There are little lulls in the winter, too. For instance, things kick into high gear in mid-September: we start small groups and courses and study activities, and these generally run until the end of November. But we don’t do much in December; people are cruising into Christmas and their lives are taken up with that. So I’ve discovered that late November/early December is a wonderful time for me to take a week’s holiday. I get back in time to start the run-up to Christmas, but I’m refreshed from a week of rest. Christmas goes better for me if I do that.

That’s what I’m up to this week. My day off is Monday so I’m actually taking eight days’ holiday, from Monday to Monday. Tomorrow (Wednesday) we’re taking off to see old friends in Saskatchewan for a few days. Looks like the weather will be fairly mild (always a factor at this time of year), so driving will be okay. I’m looking forward to some good friend times, and I know I’ll come back in a better frame of mind.

Things will then get busy again: Our Christmas variety concert – planning for special events – home communions – Christmas services in nursing homes – a ‘When Christmas Hurts’ service – a ‘Lessons and Carols’ and ‘Bring a Friend’ service – and then the special services on Christmas Eve and Christmas Day.

After Christmas there’s a slow down (unless there’s a pastoral emergency; I say that because for the past four years I’ve had deaths in the parish during or just after Christmas). January is steady but not frantic. What many people don’t know is that in church offices this is ‘Annual Meeting season’; we’re busy getting reports prepared and doing other preparation work for the Annual General Meeting (which in our parish takes place in mid-February).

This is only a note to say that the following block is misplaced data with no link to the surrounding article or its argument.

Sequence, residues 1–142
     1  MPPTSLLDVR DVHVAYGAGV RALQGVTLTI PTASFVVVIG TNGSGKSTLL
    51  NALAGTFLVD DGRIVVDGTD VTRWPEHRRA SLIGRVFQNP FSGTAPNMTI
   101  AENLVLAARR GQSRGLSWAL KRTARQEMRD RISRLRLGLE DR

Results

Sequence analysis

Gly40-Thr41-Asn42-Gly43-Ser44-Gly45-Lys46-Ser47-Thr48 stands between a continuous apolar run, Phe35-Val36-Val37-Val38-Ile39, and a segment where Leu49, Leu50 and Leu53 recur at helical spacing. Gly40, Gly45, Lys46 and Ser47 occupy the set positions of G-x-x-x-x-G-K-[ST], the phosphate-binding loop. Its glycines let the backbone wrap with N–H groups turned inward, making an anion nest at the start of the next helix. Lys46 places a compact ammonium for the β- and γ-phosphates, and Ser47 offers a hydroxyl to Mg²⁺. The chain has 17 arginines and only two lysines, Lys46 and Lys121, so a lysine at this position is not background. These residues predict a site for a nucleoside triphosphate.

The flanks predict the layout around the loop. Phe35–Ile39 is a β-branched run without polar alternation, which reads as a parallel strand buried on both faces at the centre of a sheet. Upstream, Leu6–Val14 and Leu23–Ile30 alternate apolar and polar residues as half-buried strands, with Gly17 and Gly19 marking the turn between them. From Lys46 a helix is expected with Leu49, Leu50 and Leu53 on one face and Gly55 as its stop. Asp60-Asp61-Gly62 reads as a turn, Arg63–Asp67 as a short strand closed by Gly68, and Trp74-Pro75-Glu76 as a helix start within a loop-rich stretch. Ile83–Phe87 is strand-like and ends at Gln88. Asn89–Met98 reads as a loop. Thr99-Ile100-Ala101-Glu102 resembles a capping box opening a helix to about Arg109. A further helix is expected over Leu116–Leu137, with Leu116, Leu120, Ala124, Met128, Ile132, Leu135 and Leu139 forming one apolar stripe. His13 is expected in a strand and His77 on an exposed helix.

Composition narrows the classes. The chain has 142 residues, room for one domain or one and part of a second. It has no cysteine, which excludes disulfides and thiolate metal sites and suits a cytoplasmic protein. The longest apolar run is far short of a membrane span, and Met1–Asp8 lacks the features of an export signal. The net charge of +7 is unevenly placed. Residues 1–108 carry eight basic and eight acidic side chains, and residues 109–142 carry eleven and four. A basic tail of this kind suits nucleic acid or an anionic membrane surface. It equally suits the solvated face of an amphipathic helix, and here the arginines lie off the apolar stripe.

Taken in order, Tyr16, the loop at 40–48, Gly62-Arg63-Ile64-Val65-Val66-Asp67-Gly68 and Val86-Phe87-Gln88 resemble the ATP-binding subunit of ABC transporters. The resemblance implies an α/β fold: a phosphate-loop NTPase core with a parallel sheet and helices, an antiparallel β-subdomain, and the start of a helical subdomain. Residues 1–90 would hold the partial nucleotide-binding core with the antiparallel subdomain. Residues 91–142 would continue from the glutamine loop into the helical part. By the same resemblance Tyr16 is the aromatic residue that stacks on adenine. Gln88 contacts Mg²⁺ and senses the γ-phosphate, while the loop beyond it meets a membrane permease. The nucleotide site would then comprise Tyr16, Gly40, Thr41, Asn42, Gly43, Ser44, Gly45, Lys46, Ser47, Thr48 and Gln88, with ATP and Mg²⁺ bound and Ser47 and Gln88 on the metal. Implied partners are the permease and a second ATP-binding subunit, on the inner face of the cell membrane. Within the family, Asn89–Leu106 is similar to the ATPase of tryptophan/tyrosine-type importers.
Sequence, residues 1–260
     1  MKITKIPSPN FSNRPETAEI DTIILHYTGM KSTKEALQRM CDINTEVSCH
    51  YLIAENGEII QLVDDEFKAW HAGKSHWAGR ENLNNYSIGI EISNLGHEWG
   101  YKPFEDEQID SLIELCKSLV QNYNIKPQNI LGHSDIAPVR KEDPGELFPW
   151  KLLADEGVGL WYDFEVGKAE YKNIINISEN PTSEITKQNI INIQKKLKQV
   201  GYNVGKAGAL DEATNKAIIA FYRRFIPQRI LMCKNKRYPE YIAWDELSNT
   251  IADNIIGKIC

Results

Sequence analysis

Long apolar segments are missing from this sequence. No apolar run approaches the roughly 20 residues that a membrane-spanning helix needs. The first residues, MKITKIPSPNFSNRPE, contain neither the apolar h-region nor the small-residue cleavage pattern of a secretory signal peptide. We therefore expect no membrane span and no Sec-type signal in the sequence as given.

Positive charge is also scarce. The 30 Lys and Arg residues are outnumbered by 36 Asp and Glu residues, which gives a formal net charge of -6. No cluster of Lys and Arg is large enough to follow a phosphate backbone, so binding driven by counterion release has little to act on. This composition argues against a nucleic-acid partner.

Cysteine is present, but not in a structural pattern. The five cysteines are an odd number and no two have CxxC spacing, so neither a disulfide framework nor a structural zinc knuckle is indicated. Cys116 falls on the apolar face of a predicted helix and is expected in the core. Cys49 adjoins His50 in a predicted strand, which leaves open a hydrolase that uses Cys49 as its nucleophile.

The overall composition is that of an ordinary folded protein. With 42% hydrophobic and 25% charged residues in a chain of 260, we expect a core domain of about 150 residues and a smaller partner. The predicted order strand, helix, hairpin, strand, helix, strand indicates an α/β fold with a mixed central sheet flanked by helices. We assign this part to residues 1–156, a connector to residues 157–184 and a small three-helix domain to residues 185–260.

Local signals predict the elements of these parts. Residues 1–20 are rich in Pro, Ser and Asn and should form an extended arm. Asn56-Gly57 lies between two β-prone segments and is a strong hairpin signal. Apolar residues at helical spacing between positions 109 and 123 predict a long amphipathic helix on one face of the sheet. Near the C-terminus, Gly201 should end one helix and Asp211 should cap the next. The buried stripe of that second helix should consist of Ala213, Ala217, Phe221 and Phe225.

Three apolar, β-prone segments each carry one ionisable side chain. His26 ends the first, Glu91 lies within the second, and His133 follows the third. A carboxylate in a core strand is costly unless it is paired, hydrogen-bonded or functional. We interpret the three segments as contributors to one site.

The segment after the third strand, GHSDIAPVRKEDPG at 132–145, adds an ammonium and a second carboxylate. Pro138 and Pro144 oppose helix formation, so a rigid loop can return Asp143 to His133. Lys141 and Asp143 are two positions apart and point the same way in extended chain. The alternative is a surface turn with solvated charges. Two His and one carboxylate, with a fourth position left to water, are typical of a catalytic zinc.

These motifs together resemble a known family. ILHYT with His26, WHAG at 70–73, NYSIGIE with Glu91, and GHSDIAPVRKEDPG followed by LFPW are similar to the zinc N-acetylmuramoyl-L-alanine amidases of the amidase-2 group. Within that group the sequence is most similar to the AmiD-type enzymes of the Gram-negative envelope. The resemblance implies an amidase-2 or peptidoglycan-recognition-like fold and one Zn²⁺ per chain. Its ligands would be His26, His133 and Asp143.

And then comes Lent. Usually we do some extra programming, so things kick into high gear again. Holy Week (between Palm Sunday and Easter Sunday) is extremely busy. But by the time Easter comes we’re near the end of April, and people give a great collective sigh of relief and start going out to the lake on weekends. Church life slows down to a leisurely crawl. If clergy and leaders are wise, they don’t try to fight that. We need that time of rest and renewal.

Rhythms of life. It’s good to find them and good to take advantage of them. Life goes better if we do.

My week

Every now and again people ask me what an Anglican priest does all week long. So I thought I’d let you know what this week looked like.